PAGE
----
Slow Motion Frame Will Be the New Magic Mirror

[Paul] created a frame that uses an Arduino and LEDs to create a slow motion illusion of a delicate item (like a flower or a feather). The effect is striking as you can see in the video below.

[Paul] had seen similar projects (both one-offs and sold as a product), but wanted to do his own take on it. The principle is simple: The device vibrates the objects at one frequency and strobes LEDs at a slightly different frequency (80 and 79.5 Hz, in this case). The difference between the frequencies (the beat frequency) is what your eye perceives as a very slow (0.5 Hz, here) motion.

Once you know the secret behind the device, it is not very complicated to create. The woodworking for the frame is the bulk of the work. An Arduino excites an electromagnet to vibrate the subject items. It also pulses the LED strips to achieve the strobe effect. It’s simple, striking, and a show piece. It seems like everyone has been building their own magic mirror project, but we proffer this awesome concept as the next big thing everyone should try on their own workbench. Let’s check out a few other examples to get you thinking.

One of [Paul’s] inspirations was Time Frame, which appears in the second video, below. You can find its code on GitHub. It also uses an Arduino to create the same effect. The other inspiration was Slow Dance, which we covered earlier. We’ve also seen a similar trick played with water droplets.

26 thoughts on “Slow Motion Frame Will Be the New Magic Mirror

  1. (Yes, I’m too lazy to drill into the project – so if answered, I apologize. Reluctantly. Cause I’m Canadian. Sorry.)

    80Hz. My brain instantly is thinking: BUZZZZZ! So, pretty to look at, but drive me nuts in 30 seconds flat if I have to listen to it.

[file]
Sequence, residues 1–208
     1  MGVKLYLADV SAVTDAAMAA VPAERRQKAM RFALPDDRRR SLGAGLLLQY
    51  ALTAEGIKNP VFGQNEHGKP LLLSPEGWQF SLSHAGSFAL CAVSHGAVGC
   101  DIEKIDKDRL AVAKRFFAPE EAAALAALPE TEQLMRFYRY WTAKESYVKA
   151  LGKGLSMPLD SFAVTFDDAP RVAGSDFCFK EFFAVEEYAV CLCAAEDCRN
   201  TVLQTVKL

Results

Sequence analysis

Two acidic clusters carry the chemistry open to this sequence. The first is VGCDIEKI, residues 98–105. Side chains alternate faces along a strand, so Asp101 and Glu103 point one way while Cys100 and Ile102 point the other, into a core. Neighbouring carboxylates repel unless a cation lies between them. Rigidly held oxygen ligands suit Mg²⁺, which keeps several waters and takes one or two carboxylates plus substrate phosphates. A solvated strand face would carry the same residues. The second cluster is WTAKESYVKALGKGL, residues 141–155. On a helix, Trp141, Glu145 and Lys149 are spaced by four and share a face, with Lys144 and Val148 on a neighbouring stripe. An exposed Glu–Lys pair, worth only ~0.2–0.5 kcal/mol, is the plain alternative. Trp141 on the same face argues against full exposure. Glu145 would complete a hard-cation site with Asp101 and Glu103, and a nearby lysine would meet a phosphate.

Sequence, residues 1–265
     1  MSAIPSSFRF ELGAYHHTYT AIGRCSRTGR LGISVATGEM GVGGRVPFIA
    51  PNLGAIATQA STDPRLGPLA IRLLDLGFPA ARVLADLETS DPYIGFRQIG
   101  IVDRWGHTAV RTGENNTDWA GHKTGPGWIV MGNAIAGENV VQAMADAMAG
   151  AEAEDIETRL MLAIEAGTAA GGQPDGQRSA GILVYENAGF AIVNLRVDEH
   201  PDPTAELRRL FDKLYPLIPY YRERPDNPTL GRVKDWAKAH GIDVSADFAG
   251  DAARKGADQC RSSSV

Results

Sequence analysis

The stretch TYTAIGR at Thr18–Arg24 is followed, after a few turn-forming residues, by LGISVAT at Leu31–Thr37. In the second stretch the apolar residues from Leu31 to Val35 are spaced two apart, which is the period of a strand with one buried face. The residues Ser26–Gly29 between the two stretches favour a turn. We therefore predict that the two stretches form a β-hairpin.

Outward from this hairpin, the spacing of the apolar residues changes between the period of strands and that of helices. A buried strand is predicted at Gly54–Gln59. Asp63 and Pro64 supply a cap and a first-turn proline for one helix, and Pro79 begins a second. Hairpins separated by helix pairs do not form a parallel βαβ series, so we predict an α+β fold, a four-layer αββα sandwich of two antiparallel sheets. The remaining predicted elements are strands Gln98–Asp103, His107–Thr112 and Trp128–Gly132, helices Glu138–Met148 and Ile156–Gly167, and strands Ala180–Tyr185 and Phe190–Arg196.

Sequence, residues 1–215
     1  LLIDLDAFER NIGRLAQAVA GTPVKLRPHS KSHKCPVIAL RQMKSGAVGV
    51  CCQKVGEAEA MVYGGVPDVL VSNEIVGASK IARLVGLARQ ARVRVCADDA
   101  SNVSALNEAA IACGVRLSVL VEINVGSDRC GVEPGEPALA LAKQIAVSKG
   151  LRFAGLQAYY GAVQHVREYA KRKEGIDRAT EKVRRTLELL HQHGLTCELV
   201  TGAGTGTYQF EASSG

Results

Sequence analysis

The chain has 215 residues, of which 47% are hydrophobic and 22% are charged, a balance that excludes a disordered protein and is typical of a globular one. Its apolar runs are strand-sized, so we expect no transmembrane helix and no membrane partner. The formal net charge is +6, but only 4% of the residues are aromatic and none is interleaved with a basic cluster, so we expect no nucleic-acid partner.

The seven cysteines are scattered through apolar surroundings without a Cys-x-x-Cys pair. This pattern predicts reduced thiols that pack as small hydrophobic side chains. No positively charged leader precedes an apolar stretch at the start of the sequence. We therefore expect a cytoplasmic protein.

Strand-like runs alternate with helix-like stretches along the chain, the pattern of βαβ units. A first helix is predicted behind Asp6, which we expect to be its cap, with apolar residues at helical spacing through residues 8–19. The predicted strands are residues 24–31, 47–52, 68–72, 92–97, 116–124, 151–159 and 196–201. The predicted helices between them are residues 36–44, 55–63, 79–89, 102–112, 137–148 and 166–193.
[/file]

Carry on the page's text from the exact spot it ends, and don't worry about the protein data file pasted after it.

Yes?

    1. It looks like the studs are far enough away from the magnet to prevent contact, so the noise should be minimal. Would help to cast the magnet coils in epoxy to prevent noise in the turns.

        1. You could use rubber or sponge or whatever to insulate the vibrating parts from the frame. Make sure the metal vibrating arm can’t touch the electromagnet. Should take care of most of it. It’s only necessary for the arm and flower to actually move, everything else can be damped. The arm is springy and flowers are soft. Should be possible to get it pretty quiet.

  2. Thanks everyone for your comments! Yes, it’s usually very quiet, although the screws connecting the spring steel to the base do loosen occasionally which makes it much louder. // TODO: Apply thread lock

        1. Yup, lots of pollinating insects can see UV. Plants can look really interesting in the UV frequencies. Doesn’t necessarily mean they fluoresce, though, so unless you can actually see UV, illuminating stuff with it might not give much of a result.

          Still it’ll impress the shit out of nerdy bees.

    1. any will do, Just adjust the distance from the electro-magnet to the to the ferric component of the objects support so that I does not physically connect and that it does not have so much influence the object is shaken too forcefully. The resonant frequency of the object will be set by the distance from the base to the ferric component and also to a similar but lesser degree by the height of the object above the ferric component. Just play with it and you will see.

      They’re all just variables that need to matched so try it with what you have but you don’t need to drive it hard because resonance will help.

  3. Dumb Q, but if you are in a (single phase) fluorescent room, then do you need the frame? you just need to oscillate the coil to give the beat frequency? maybe a vibrating vase etc?

    1. Some of the effects could be done with low persistence fixed frequency lighting like fluorescent by varying the physical oscillation frequency. However, many of the effects demonstrated would require physical shifting that’s not possible. It’s easy to change the LED lighting signals as they have no mass so they can be changed at will.

    2. The pulses have to be very short, like any other strobe. That’s the key. Otherwise, with longer illumination periods, the image will average-out, smear, along the time axis. So you won’t get the series of little snapshots you get with a strobe light, you’ll just see a blurry flower.

      Normal room illumination is lit most of the time, the gaps between are short, the lit period long. Exactly the opposite of what you’d need.

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